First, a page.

President's Corner

Keeping Our Eyes on the Real Target

by Karl V. Hertz


So many people today are deeply interested in the educational success of our children. From President Clinton to the citizen on the street in Thiensville, Wis., everyone has an idea. Maybe that is as it should be because, after all, anyone who has gone to school has a level of expertise. In addition, as the world is changing at a rapid pace, we need to adjust to all the changes around us.

However, as we look at our desire to improve, we should keep in mind the many successes of the post-World War II years. Student dropout rates are lower than they were 25 years ago, yet 65 percent of Americans think the dropout rate is up. How many people today know that only 10 percent of the students in 1889 graduated from high school? Not many.

When Phil Schlechty thinks about school reform, he uses the phrase, "a history of complaints," to describe those people who keep driving us back to the good old days. As we think about our obvious need to be ready for changing times and the next century, it is hard to imagine the answer would be found in an era when 10 percent of our children were expected to do what we now require of 95 percent of our students.

The most recent Phi Delta Kappa/Gallup Poll of the Public’s Attitudes Toward the Public Schools might well be a source of mixed signals. The public dramatically favors placing a computer in every classroom, establishing national standards for measuring the academic performance of the public schools, moving persistent troublemakers into alternative schools, allowing parents and students to attend the public school of their choice, using standardized tests to measure student academic achievement, grouping students in classes according to ability level and establishing a national curriculum. (Interestingly, little scientific research exists to show these initiatives will lift achievement, and actually some evidence shows they do harm.)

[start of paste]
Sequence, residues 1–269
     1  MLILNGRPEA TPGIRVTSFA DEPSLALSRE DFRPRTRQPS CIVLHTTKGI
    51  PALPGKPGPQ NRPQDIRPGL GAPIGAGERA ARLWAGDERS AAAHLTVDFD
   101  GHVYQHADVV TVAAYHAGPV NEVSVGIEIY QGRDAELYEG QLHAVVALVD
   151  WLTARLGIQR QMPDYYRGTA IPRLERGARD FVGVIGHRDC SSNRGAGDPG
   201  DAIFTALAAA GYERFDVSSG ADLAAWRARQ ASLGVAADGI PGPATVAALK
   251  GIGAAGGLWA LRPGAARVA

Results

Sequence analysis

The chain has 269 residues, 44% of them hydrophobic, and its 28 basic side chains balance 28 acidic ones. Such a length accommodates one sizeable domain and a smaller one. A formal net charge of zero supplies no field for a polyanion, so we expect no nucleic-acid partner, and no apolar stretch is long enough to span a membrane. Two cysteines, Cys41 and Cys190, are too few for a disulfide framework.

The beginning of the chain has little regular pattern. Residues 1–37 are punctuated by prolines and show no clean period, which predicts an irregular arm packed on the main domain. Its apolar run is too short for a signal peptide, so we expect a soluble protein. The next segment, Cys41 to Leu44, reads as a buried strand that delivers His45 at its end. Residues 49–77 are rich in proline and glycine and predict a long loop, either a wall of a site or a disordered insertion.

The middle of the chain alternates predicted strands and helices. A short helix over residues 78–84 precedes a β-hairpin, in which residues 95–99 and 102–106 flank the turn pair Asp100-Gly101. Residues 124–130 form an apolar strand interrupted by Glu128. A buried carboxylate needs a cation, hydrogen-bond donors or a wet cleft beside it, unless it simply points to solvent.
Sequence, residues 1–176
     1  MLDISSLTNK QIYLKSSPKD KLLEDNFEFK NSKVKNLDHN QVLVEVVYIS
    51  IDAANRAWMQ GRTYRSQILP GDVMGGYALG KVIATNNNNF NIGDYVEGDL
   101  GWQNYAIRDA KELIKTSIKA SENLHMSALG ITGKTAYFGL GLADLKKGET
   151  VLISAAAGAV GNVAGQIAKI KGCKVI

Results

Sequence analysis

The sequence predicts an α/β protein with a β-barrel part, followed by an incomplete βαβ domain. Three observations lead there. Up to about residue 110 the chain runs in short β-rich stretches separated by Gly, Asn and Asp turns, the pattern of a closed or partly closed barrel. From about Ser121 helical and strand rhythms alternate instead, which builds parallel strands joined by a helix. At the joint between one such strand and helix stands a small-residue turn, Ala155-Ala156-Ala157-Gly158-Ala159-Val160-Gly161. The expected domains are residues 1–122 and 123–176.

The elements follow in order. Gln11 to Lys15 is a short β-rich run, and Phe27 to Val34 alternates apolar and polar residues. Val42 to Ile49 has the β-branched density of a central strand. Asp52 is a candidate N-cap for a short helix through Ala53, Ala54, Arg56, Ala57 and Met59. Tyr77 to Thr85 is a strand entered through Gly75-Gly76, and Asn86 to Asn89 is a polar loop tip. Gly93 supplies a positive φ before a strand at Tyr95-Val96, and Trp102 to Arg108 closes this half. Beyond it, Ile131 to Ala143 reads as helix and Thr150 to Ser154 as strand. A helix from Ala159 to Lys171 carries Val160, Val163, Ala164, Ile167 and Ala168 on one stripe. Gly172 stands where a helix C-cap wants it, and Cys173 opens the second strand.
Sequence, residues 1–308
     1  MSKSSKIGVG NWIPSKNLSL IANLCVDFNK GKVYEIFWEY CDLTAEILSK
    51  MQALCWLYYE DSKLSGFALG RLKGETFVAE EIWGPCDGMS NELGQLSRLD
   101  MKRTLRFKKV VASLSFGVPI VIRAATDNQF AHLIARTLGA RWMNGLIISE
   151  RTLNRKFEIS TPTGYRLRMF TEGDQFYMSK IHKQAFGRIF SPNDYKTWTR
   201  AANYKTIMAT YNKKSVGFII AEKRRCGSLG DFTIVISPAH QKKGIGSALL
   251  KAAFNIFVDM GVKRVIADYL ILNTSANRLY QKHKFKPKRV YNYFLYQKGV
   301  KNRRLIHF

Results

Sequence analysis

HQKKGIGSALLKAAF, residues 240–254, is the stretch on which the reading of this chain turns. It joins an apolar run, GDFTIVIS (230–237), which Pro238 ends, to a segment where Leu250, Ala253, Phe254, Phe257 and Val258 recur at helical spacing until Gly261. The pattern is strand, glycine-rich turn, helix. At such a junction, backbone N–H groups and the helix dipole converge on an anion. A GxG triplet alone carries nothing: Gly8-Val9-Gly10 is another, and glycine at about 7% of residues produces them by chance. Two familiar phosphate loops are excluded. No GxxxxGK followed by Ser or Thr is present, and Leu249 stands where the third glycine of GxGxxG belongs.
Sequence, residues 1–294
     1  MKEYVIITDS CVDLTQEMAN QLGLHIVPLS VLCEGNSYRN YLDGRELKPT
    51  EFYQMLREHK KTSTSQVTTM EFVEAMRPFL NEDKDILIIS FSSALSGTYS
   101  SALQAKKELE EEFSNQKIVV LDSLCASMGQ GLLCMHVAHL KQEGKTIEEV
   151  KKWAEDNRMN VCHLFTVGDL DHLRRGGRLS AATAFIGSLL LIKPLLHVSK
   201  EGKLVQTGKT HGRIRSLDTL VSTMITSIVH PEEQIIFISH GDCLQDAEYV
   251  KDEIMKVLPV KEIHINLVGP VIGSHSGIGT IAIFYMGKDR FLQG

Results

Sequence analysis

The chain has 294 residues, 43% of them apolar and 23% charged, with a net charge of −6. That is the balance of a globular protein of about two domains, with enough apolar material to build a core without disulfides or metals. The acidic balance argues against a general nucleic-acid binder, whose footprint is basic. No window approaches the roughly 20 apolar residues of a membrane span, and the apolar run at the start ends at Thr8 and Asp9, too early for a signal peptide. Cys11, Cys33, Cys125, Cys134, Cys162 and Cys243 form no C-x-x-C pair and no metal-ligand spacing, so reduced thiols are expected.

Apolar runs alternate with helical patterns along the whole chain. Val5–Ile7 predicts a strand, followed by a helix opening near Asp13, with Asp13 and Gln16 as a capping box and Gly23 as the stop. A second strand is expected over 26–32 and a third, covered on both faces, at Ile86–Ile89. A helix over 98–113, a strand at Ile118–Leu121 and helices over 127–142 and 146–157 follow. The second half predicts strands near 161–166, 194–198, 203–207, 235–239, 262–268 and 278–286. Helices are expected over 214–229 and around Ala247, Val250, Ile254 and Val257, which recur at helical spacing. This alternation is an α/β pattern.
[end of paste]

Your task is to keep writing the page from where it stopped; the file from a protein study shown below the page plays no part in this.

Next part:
In the same survey, I found it noteworthy that the public is not much interested in lengthening the school year or lengthening the school day, even though evidence shows our students would benefit from having more time to learn.

As educators who care deeply for children, we must sort through all of this polling. One can’t help feeling that all of our citizens should take a solid course in logic because it might be the best tool the students could have going into the future.

Let me close on a positive note. First, Dan Woll, president of the Wisconsin Association of School Administrators, told us recently that the FBI reports less than one-half of one percent of our children between 10 and 17 years of age have been arrested for violent crime, even though 55 percent of all the stories we see on TV about our youth involve violence. Second, while in Saskatoon with a group of Canadian administrators recently, I was seated at a table with a farm family. Their 21-year-old daughter is preparing to be a teacher. Their 16-year-old daughter is blind and disabled. The young women were our entertainment. Their singing, filled with happiness and exuberance, captured us all.

Once again, our wonderful children continue to fill us with amazement, even as we struggle with the politics of what is best for them.